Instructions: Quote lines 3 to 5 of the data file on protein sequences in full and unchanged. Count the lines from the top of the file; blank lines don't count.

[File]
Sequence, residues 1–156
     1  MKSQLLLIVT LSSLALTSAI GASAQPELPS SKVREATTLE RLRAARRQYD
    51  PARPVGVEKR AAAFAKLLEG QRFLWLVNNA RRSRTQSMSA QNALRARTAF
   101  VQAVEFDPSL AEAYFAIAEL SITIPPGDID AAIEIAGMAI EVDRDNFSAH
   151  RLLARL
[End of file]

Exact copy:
    51  PARPVGVEKR AAAFAKLLEG QRFLWLVNNA RRSRTQSMSA QNALRARTAF
   101  VQAVEFDPSL AEAYFAIAEL SITIPPGDID AAIEIAGMAI EVDRDNFSAH
   151  RLLARL